News » ECPM Resolution on EU mechanism on democracy, the rule of law and fundamental rights


Tuesday, May 30, 2017

ECPM Resolution on EU mechanism on democracy, the rule of law and fundamental rights

A resolution warning against the proposed establishment of an EU mechanism on democracy, the rule of law and fundamental rights has been endorsed by ECPM members during the 14th General Assembly of ECPM on the 23rd of May 2017.

The proposal worries ECPM, as it constitutes a radical breach of the separation of powers and the rule of law, and the Treaty of the European Union in which Article 7 makes a space for the European Commission, European Parliament and groups of Member States to express their opinion on upholding of the common values. The intergovernmental mechanism expressed in the European Council is the only authorized judge of those opinions, and ECPM warns that extra-treaty attempts to create institutions which would perform the same function do constitute a usurpation of power.

On the 23rd of May 2017 during the ECPM General Assembly in Warsaw, Poland, MEP Marek Jurek presented a resolution on behalf of ECPM member party Prawica Rzeczypospolitej (Right of the Republic). The ECPM members have voted in favour of this resolution. The full text of the resolution is available below this article.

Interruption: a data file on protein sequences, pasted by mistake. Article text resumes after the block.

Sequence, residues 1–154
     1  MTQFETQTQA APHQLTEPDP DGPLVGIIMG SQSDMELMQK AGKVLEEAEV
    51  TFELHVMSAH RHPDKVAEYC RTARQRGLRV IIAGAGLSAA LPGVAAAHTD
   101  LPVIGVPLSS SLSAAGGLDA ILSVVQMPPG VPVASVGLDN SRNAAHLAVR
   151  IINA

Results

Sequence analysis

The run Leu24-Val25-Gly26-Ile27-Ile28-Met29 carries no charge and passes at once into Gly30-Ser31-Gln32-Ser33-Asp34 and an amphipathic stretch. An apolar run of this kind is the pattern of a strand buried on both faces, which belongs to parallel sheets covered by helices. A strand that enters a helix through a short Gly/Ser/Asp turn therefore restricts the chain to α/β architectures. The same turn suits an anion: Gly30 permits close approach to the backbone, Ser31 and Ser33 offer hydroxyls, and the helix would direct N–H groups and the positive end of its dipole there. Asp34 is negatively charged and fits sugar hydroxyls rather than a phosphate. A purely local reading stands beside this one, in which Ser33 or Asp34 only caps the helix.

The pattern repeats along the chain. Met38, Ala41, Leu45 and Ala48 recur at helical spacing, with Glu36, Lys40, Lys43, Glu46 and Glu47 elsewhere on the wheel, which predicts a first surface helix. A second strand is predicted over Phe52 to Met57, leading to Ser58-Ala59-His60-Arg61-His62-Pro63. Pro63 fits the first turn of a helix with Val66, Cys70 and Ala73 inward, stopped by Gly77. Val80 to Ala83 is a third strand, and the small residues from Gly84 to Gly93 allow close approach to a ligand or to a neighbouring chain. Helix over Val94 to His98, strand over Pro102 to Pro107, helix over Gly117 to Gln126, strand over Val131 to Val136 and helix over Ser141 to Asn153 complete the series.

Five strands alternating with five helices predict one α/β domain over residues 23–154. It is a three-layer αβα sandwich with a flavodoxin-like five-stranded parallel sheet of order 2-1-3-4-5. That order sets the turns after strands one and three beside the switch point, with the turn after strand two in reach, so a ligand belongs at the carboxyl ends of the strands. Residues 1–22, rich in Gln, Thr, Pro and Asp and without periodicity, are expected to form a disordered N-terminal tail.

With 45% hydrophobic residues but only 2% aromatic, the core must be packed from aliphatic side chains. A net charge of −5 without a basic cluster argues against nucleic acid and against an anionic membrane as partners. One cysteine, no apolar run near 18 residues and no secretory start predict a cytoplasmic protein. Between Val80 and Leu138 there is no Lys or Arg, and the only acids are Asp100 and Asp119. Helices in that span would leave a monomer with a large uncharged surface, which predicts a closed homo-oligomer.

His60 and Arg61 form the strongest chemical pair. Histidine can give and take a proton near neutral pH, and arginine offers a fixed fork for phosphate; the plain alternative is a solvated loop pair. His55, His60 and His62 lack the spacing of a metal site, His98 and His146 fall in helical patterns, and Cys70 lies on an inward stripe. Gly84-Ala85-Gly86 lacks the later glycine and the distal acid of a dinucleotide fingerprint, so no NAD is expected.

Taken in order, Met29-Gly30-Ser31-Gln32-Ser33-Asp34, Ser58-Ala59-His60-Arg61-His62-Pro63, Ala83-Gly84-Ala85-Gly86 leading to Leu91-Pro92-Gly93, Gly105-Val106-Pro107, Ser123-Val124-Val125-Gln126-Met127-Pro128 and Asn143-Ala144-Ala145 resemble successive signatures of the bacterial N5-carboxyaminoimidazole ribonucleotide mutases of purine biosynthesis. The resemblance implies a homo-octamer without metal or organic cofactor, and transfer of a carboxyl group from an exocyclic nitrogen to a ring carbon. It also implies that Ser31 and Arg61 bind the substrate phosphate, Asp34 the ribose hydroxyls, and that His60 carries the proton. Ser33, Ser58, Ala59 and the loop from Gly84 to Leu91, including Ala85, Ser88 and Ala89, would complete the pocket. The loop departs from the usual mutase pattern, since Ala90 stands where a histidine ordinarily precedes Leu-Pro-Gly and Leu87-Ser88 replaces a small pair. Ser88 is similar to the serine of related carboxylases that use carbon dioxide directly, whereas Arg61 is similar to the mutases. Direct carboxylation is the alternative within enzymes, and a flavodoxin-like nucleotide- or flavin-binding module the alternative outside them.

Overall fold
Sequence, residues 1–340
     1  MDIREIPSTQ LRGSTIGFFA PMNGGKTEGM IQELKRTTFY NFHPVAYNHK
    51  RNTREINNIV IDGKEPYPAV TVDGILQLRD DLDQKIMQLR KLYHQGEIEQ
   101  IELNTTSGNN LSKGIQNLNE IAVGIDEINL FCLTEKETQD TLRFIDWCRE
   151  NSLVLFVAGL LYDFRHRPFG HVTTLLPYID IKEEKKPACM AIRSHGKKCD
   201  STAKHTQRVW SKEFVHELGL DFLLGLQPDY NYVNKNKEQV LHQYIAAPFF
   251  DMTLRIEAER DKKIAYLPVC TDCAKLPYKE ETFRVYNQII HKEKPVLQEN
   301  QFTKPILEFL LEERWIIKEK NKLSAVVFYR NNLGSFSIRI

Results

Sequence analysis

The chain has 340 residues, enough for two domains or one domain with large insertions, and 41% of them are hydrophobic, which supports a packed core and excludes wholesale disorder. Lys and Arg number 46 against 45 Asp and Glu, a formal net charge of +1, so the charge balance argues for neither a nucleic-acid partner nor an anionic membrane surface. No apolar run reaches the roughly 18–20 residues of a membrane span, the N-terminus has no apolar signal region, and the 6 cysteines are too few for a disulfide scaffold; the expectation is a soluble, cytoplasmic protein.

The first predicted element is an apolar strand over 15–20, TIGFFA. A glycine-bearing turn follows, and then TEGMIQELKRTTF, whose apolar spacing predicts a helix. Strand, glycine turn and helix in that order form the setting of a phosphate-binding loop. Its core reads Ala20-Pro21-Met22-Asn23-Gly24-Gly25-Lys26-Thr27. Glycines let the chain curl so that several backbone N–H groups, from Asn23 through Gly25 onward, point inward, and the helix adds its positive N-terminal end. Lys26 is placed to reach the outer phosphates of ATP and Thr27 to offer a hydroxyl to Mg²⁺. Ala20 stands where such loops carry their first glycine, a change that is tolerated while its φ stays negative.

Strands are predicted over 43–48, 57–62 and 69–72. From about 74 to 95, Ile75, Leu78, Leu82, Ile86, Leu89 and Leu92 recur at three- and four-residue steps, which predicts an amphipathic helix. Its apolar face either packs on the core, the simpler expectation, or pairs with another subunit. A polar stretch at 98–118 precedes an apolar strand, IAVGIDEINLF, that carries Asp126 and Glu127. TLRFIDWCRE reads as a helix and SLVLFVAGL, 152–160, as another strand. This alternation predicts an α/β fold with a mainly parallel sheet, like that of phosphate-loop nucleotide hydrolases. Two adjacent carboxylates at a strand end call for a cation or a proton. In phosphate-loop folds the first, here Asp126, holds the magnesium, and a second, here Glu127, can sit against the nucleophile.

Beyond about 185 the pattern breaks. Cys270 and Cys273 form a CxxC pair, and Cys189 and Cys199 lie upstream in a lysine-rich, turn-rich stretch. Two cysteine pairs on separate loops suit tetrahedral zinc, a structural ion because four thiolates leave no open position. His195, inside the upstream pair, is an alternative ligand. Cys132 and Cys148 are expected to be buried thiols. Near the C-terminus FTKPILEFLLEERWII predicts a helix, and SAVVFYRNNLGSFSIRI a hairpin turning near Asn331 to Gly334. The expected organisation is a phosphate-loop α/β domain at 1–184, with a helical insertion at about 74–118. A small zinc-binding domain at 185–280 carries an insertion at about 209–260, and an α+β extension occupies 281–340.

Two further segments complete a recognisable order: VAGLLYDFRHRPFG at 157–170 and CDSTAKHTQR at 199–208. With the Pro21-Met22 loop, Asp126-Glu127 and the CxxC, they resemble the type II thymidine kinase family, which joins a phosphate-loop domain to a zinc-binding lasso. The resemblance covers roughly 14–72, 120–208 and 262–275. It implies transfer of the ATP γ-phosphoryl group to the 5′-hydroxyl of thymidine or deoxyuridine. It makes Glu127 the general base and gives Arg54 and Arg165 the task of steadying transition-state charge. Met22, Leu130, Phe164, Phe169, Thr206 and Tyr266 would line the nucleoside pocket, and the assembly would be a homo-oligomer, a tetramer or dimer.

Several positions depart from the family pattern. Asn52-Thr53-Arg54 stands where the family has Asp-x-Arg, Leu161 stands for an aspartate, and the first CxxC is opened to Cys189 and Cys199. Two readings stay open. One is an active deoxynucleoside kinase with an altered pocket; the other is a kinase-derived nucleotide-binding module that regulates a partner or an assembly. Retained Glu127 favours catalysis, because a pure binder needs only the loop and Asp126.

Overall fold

______________________________________________________________________________________________________________________________

ECPM Resolution on the EU mechanism on democracy, the rule of law and fundamental rights
(Accepted during the ECPM General Assembly on 23 May 2017 in Warsaw, Poland)

The European Christian Political Movement:

Taking notice of the proposal to establish an EU mechanism on democracy, the rule of law and fundamental rights.

Considering that this proposal constitutes a radical breach of the Treaty of the European Union and of the separation of powers and of the rule of law

Reminding that in the case of the breach of the values that are considered common by the Union, the Article 7 of the Treaty on European Union reserves the judgment on the breach done by one of the Member States to other Member States authorities.

Reminding that the governments of the Member States acting through European Council “hear”, “address recommendations” and “call” the Member State to correct its actions if they see reason to do it.

Considering that the requirement of the common opinion of four fifths of the Member States to state the “clear risk” of a serious breach of the values of the European Union by a Member State is by no means an evidence of weakness or ineffectiveness of the Treaty.

Stresses that the need of that high majority is the result of the simple fact that since the Treaty of Rome the European integration has aimed at putting an end to any plans to dominate Europe by anyone and at avoiding creating any new mechanisms of domination, for example ideological ones.

Reminds that Article 7 of the Treaty on European Union makes a space for European Commission, European Parliament and groups of Member States to express their opinion on upholding of the common values.

Emphasises that it is the intergovernmental mechanism expressed in the European Council which is the only authorized judge of that opinions.

Warns that the extra-treaty attempts to create institutions which would perform the same function do constitute a usurpation of power.

 

Click here for the full text of the resolution.